Enzymes in Pig Red Cell Typing
Bromelin, papain, ficin and trypsin have been used with several different antibodies in pig red cell typing. Ficin and trypsin have proved unreliable since both enzymes readily produce non-specific reactions. Bromelin and papain are far more satisfactory. A one stage bromelin test parallels results obtained by the standard agglutination test with all antibodies tested in the E and L systems. Papainised red cells give quicker, clearer and stronger positives at lower dilutions of antibody than untreated cells in both haemolytic and indirect Coombs tests. In some cases a two stage papain test can be used instead of the standard antiglobulin test.
In some mixed antisera, enzyme tests can be used to differentiate between antibodies present.
Enzymes cannot be used when red cells have been collected in cyanide-containing anticoagulants and the best results are obtained when cells are tested within seven days of collection.
Unable to display preview. Download preview PDF.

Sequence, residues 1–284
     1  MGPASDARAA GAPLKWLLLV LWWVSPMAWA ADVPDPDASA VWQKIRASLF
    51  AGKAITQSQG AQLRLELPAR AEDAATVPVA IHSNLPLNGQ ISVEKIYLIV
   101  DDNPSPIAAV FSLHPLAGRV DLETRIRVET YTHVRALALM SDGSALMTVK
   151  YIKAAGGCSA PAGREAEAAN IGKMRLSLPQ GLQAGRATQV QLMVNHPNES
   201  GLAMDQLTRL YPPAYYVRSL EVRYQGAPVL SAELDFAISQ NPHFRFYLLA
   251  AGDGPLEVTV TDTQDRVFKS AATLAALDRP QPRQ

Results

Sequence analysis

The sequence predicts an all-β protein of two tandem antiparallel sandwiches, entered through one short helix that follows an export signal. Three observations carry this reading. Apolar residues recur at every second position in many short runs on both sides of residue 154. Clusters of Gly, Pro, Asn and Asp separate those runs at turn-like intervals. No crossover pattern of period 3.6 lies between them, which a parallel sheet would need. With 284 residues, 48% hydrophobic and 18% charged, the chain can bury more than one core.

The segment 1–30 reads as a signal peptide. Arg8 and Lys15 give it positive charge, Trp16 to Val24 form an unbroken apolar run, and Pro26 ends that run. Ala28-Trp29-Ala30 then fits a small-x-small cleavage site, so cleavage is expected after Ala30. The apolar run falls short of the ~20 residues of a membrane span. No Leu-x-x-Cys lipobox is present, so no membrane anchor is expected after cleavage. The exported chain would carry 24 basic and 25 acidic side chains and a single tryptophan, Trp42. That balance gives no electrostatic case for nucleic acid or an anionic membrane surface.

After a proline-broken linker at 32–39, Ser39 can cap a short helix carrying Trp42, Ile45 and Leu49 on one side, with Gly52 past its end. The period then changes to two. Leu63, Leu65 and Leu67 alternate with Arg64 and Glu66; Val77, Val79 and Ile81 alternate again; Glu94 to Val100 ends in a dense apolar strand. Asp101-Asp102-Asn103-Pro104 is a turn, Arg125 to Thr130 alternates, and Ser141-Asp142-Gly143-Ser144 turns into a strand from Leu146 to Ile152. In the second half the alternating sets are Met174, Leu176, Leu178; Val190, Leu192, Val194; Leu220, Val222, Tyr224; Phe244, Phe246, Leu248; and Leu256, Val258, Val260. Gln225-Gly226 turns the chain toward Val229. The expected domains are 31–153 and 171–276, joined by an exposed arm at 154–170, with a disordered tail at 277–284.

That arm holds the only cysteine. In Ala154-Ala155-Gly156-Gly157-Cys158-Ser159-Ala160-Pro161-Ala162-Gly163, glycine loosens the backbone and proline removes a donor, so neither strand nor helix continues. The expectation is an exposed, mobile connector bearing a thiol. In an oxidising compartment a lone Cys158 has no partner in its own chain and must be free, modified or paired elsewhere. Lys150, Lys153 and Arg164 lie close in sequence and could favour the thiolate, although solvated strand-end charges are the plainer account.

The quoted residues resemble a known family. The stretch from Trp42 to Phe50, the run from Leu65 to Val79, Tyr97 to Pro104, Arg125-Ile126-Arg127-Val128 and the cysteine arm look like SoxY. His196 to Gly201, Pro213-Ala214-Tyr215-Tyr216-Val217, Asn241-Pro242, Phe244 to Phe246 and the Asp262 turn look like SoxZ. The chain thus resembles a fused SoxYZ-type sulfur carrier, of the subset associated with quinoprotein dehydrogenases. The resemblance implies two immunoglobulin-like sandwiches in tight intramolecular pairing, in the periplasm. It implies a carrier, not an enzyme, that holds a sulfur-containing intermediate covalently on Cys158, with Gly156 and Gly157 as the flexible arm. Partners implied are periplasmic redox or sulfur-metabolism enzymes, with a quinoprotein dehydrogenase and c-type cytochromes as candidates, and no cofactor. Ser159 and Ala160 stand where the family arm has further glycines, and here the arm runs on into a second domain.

- Dybkjaer, Esben., 1964. The use of Papain and Bromelin in one stage method in blood group serology, Sangre,9, 82–92.Google Scholar
- Dybkjaer, Esben., 1965. Enzymmetoder ved Udførelse af Forligelighedsprøuer (Enzyme methods in cross-matching), Saertryk af Ugeskrift for Laeger, 127/38, 1188 –1192.Google Scholar
- Kissmeyer-Nielsen, F., 1960. Eldon-Kort til fulstaendig forligelighedsproue, Ugestr. loeg., 122, 1575.Google Scholar
- Kissmeyer-Nieisen, F., 1963. The serology of 123 anti E and 55 anti c antibodies, IXth Congress of the European Society of Haematology, Lisbon, Sangre, Barcelona, 1964,9, 221–224. Low, B., 1955. Vox Sang (Basel), 5, 94.Google Scholar
- Pirofsky, B., 1959. The use of Bromelin in establishing a Standard Cross Match, Amer. J. of Clin. Path., 32,4, 330–356.Google Scholar